Tips for efficient billing and collections

October 27, 2010
Ronald Piana

Surveys have shown that the mean days in accounts receivable for US oncology practices averages about 36 days. With today’s slim margins, your AC department needs to do a better job.

Surveys have shown that the mean days in accounts receivable for US oncology practices averages about 36 days. With today’s slim margins, your AC department needs to do a better job.

 Here are are a few quick and easy-to-initiate tips:

Verify insurance information and authorization

The practice should have standard procedures to confirm insurance coverage and verify that the patient has obtained any needed referral. Management experts suggest preregistering new patients by phone because of distractions at the reception desk that can lead to errors. Preregistration also allows the staff to verify insurance coverage with the insurance plan in advance of the patient's first visit.
Confirm accuracy of demographics and insurance.

If a preregistration process is in place, ask arriving patients to review the information collected to check its accuracy. At the first visit, copy the insurance card, and make sure the identification number and name exactly match your office record-no nicknames, for example.

Collect copayments and deductibles at time of service

The amount of patient copayments and annual deductibles is rising, adding to the importance of collecting them promptly. Collecting from the patient in person obviates the overhead costs of billing and enhances cash flow. For cancer patients, the services rendered and therefore the copayment amount may not be known until after the physician sees the patient, so set up the process for collection at the end of the visit.

File claims daily

In addition to starting the payment process more quickly; daily billing reduces the effect of a potential submission problem such as a transmission disruption or a lost packet of mail. If claims are batched by the week or month, such an adverse event could affect a large portion of income.

Submit claims electronically

Electronic submission is the trend, and for good reason. Electronic claims are processed faster than are paper claims, and fewer electronic claims result in denials. According to a 2003 survey by the Health Insurance Association of America (now America's Health Insurance Plans), 97% of physician claims submitted electronically were clean, compared with 89% of paper claims.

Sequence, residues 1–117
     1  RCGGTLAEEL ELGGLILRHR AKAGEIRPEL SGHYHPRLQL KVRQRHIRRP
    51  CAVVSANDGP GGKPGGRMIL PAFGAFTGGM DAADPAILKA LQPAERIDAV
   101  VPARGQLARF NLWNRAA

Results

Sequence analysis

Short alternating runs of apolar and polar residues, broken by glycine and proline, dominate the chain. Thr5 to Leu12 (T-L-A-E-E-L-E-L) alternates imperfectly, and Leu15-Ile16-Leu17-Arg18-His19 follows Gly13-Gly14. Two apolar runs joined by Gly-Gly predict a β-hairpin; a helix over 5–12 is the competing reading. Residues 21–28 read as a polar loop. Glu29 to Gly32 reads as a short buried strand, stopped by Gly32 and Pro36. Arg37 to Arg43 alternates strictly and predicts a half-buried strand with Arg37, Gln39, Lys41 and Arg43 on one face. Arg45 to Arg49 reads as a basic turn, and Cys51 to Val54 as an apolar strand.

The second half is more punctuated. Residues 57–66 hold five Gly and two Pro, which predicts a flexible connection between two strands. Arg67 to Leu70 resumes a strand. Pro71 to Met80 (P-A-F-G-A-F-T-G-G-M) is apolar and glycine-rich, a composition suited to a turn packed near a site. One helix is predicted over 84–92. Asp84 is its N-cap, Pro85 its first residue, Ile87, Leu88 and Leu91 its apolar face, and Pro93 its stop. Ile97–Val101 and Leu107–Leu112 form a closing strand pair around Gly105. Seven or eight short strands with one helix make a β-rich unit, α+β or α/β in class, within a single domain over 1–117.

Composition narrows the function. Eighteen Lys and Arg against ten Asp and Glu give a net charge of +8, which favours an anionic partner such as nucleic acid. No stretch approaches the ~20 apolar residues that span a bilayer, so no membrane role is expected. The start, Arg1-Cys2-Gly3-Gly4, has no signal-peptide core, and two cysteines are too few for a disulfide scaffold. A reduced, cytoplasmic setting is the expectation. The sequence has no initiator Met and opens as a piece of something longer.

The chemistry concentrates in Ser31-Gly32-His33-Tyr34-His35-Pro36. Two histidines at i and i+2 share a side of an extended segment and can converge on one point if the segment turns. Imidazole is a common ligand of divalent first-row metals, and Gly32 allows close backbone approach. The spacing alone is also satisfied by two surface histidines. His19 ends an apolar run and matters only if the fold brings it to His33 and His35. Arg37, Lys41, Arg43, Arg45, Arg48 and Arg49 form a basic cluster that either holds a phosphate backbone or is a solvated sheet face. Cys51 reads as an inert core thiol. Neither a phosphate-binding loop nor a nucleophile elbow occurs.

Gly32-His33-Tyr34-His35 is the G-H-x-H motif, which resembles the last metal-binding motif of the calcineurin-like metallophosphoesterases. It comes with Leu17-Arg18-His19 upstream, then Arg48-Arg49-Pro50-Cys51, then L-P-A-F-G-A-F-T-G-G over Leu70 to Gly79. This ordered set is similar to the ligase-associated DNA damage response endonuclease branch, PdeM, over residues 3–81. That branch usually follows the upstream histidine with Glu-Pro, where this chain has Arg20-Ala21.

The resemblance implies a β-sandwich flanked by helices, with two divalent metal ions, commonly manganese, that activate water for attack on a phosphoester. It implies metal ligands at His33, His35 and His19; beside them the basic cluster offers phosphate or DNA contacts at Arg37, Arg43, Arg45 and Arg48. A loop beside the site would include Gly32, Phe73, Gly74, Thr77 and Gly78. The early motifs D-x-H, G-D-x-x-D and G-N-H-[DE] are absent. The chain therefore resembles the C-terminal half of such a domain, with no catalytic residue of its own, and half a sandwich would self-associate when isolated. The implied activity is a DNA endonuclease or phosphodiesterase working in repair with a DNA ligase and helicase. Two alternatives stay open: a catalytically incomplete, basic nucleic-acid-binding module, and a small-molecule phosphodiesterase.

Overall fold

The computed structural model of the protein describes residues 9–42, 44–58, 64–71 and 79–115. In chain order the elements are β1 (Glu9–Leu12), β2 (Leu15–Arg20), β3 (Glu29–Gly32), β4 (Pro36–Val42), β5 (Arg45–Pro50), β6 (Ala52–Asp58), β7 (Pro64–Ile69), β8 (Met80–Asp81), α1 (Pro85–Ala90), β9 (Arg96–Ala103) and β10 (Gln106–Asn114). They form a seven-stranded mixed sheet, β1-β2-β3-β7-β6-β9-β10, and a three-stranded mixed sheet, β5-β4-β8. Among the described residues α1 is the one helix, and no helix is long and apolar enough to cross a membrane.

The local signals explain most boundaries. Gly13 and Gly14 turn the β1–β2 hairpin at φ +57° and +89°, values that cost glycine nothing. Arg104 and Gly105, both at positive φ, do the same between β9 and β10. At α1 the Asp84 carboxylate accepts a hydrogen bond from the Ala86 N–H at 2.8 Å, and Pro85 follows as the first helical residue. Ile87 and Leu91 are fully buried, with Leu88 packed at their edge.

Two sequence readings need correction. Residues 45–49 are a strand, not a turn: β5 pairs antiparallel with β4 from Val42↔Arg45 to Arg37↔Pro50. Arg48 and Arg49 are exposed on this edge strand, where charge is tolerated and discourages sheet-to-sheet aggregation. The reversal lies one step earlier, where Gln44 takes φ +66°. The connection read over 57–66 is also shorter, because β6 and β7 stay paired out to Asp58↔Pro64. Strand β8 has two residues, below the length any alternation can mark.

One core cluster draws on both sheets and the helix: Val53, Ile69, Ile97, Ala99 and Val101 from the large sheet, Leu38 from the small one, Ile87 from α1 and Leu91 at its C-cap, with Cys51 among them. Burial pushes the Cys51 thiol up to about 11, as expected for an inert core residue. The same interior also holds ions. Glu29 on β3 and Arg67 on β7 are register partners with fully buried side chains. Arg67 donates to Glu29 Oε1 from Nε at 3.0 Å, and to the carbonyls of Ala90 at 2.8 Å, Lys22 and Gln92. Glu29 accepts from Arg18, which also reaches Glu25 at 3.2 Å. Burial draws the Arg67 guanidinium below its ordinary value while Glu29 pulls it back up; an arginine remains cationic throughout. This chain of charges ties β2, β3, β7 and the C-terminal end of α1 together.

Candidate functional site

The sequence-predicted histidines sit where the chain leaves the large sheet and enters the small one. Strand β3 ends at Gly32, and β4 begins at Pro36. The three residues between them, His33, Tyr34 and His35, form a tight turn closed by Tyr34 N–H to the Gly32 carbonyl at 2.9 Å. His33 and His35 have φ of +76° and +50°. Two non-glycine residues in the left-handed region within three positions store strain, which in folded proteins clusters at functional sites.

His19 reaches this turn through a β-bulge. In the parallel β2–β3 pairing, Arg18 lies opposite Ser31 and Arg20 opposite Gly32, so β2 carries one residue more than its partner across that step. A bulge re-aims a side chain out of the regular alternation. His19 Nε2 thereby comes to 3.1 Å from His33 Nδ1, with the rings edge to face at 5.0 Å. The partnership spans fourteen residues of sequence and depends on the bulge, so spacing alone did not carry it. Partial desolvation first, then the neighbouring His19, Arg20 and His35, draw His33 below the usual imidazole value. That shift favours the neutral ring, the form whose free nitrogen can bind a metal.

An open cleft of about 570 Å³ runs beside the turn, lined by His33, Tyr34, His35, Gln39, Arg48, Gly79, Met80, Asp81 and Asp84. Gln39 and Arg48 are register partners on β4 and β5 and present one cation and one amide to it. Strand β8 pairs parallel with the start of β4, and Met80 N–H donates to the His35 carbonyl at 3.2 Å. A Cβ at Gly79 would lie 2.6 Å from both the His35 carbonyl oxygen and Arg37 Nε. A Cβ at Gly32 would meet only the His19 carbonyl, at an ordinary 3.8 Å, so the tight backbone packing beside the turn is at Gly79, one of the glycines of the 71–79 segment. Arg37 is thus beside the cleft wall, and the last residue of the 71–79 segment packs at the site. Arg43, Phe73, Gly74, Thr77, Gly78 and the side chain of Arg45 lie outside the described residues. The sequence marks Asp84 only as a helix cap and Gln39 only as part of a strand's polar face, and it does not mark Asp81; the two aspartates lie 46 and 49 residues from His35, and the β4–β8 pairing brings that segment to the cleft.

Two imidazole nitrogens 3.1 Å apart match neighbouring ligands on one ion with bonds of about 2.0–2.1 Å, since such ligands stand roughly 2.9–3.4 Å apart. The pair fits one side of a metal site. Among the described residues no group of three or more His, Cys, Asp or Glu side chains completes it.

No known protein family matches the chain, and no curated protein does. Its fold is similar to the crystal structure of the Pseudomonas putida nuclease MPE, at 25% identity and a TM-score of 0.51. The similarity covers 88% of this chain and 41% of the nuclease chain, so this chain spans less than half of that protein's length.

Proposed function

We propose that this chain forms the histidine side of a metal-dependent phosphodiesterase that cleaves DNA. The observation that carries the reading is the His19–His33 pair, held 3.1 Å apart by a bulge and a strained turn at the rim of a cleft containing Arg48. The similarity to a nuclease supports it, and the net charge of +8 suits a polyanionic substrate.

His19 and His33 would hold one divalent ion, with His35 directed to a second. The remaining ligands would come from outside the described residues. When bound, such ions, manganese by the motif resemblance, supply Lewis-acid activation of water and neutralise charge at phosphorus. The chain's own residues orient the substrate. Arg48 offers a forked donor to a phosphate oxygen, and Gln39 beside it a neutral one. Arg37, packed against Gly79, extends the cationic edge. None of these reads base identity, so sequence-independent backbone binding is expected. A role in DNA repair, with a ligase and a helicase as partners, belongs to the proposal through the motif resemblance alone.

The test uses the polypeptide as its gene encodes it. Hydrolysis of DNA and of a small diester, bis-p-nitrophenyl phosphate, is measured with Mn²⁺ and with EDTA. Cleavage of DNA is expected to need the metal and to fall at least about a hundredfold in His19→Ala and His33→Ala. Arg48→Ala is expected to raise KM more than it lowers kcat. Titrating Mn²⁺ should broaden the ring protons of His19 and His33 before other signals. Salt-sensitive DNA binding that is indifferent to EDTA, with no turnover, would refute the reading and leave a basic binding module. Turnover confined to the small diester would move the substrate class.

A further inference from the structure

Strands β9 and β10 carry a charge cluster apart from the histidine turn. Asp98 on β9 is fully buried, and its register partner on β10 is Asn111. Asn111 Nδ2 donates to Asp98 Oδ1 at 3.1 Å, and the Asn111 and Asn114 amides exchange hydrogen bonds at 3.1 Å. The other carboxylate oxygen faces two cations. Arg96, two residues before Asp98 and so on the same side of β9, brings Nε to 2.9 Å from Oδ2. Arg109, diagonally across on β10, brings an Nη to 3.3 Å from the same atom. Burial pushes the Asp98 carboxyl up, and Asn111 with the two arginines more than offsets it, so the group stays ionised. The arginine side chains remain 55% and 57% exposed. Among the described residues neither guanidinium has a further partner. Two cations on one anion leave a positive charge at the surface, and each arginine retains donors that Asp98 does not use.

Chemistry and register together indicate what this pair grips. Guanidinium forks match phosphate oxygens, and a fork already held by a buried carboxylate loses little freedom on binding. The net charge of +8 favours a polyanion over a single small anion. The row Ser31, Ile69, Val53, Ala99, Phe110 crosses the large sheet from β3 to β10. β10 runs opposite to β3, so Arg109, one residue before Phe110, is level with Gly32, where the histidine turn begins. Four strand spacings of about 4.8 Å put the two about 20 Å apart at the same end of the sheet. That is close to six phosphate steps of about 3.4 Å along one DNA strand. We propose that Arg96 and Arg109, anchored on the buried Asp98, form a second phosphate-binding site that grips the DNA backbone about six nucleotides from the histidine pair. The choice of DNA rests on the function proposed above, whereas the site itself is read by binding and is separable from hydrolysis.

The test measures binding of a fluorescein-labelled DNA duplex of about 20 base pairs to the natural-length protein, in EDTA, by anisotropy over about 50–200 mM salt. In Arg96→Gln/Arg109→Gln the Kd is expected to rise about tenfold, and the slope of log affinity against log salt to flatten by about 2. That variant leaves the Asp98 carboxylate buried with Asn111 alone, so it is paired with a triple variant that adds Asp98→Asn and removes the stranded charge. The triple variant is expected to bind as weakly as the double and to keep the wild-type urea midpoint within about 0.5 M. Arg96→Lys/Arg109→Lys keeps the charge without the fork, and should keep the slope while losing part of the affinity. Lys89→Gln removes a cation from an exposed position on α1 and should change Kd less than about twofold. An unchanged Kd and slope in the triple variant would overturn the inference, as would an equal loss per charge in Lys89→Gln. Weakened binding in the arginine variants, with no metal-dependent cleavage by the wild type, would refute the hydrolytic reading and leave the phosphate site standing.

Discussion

The processing of electronic claims is faster, too: in a 2009 survey by America's Health Insurance Plans, 69% of clean electronic claims were processed within 7 days, compared with only 29% of clean paper claims.

Use an electronic claims scrubber

A number of software products and online tools are available that will check claims for errors. Some check only for generic errors such as ZIP codes with six digits or a day of the month that is greater than 31, whereas more sophisticated scrubber programs check for required prefixes or suffixes in patients' insurance identification numbers and have edits to check compliance with Medicare's Correct Coding Initiative.

Your practice management system may have a built-in scrubber module that incorporates all of these edits. If it does not, discuss options with your software vendor to find the right add-on program or Web-based service for your practice. If you use a service bureau for billing, find out what its claims-editing software includes. Practices that put effort in submitting clean claims, including using a sophisticated claims scrubber, report achieving denial rates of less than 1%.

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